Alex: Absolutely! Being successful in the long term is a continuous process; the markets are always changing. Companies should always reconsider their product/market fit and continue to pivot. This is essential for SMEs, family-run enterprises and corporations – particularly in the era of digitalisation. We therefore work closely with our fund investors to share our knowledge and experience. We see this as a cornerstone of what we do in the partnership we share with our fund investors. Ultimately, there are not many venture capital companies like HTGF that – with over 600 seed investments under its belt – can draw on such a wealth of experience.

We’ve learnt that when pivoting, a team shouldn’t be too big. What are the other findings of the study?

Alex: The younger the team is, the more chance of the pivot succeeding. Young people tend to be more fearless; their lives are shaped by change. This carries over into their professional lives. But experience also plays a role. The more experienced a team is, the more successful a radical change of course will be.

That sounds a bit like the cliché: “We’re looking for a 20-year-old with 30 years of job experience…”

Alex: (laughing) No, this obviously isn’t what we mean. However: It helps to get started while you’re young. To fail with small projects when you’re young doesn’t hurt as much as when you’re older and might be hampered by private pressures.

Gregor: A diverse team can help to achieve a combination of young founders and those with a lot of experience. If I can select my team with people from various backgrounds, then I can tap into a great deal of experience. Diverse teams are more successful when pivoting.

Alex: And this doesn’t just apply to age. Teams with a mixture of male and female founders enjoy more long-term success, studies have shown. Diversity in a successful team also includes people with experience of living and working abroad. There are many examples of this in Silicon Valley – but here in Germany, too.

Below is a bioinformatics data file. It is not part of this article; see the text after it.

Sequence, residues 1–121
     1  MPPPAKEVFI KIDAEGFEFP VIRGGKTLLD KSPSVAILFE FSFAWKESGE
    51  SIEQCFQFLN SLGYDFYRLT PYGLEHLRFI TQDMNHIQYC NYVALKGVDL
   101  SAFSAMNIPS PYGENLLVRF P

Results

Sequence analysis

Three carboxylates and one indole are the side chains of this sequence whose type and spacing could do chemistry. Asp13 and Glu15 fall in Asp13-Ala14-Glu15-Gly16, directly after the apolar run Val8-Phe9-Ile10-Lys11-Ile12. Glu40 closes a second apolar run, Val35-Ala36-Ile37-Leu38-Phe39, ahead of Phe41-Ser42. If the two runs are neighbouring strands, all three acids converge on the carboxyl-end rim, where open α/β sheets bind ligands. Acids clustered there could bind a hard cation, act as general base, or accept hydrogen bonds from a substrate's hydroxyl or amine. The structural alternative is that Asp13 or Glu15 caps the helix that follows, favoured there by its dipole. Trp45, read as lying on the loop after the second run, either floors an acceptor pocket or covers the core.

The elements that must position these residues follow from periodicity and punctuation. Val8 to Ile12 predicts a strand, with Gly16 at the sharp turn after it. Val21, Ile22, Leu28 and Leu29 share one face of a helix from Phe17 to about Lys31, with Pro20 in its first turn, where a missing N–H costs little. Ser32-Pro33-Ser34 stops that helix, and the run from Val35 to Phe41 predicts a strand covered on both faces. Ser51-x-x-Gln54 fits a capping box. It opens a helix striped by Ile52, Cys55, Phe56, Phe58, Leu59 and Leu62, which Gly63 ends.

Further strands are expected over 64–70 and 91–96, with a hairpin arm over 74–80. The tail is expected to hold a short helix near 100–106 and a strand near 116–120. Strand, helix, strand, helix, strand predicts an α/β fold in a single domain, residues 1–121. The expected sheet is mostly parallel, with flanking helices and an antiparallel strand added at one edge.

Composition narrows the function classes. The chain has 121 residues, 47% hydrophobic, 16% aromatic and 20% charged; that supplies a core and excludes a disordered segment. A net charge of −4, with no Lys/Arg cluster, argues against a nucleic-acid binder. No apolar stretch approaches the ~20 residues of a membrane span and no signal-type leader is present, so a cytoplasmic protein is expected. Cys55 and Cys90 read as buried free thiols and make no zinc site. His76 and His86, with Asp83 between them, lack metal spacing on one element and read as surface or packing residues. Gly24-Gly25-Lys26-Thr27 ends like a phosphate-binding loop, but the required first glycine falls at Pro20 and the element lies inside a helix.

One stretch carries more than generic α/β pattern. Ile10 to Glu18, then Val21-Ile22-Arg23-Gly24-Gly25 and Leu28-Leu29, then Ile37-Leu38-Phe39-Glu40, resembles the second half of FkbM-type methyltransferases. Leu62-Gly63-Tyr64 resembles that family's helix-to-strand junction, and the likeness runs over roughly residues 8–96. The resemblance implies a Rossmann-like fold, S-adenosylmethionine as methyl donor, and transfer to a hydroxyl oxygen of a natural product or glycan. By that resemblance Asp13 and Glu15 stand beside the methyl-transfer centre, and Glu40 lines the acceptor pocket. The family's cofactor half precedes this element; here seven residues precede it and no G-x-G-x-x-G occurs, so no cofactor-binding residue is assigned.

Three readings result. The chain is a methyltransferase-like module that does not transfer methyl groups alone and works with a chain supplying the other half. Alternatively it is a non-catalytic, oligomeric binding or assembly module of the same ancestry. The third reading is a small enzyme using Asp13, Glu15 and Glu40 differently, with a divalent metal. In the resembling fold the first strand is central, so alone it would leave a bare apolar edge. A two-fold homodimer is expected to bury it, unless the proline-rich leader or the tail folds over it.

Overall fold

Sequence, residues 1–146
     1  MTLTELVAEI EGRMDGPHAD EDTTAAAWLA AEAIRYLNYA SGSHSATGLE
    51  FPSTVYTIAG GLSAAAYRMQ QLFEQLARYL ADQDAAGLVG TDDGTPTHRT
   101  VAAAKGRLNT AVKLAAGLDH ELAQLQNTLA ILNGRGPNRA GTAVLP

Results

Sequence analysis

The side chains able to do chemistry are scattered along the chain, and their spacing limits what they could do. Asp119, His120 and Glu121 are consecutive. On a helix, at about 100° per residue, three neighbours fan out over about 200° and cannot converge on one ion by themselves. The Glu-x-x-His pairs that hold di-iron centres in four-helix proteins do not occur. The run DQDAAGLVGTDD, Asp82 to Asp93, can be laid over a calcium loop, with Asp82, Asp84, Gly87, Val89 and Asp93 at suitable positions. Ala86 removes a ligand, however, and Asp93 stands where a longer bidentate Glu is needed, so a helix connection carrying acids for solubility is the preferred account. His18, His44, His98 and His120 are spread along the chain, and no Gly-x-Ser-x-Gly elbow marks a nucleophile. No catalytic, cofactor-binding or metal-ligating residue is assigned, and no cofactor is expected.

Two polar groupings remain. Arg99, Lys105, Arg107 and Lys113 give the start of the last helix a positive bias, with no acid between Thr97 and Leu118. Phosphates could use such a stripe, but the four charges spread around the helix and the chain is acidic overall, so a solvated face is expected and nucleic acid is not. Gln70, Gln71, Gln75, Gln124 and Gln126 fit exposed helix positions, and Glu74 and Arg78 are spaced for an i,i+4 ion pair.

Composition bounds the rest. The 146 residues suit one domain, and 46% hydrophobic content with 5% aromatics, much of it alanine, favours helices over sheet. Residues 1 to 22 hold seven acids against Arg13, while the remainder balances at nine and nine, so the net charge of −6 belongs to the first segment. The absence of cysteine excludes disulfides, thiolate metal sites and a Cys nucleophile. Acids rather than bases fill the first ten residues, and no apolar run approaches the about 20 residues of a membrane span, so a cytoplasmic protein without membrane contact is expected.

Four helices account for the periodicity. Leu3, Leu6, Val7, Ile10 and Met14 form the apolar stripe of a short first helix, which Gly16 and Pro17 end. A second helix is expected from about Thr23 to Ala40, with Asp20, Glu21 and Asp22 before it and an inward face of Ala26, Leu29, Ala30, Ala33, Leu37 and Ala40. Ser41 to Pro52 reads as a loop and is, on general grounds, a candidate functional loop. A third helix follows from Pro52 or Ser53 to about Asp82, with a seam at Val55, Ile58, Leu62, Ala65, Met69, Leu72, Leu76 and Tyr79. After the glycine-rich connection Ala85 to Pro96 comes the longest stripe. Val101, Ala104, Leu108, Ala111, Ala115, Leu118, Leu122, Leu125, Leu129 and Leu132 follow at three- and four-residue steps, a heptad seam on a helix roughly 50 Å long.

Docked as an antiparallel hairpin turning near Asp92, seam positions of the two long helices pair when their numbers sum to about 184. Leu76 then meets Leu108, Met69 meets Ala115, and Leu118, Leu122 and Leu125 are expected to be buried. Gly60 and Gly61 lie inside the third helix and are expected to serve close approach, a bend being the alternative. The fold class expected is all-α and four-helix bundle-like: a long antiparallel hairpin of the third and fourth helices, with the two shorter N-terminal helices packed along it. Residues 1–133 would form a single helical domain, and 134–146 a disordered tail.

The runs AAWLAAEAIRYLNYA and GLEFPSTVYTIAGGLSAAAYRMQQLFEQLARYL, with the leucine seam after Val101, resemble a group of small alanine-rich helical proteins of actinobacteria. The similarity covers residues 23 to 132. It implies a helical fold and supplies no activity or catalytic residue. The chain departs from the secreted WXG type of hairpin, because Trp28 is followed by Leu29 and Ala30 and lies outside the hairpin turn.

The study also found that too much success can stop companies from pivoting at the right time.

Alex: I’ve witnessed this phenomenon for years. A start-up has an innovative idea, they implement this idea and generate an acceptable level of sales as a result. But the start-up never really takes off. It therefore continues to do the same thing and is no longer innovative. In the long run, these companies are unable to really establish themselves or are sold below their actual value.

Gregor: It’s interesting to see how even start-ups – with their young company history – continue to fall into the corporate mindset. Some start-ups don’t pivot because they think they’ll be moving away from their core business and that they’re actually quite successful as it is. But even founders should continually ask themselves what their core business is and take a critical look at their own product/market fit.

Alex: A lack of innovation and fear of change is a very human trait – something that affects us all. To move on from something tried-and-tested is a huge step. But our experience shows that taking this step is so important. And this has now been backed up by our study.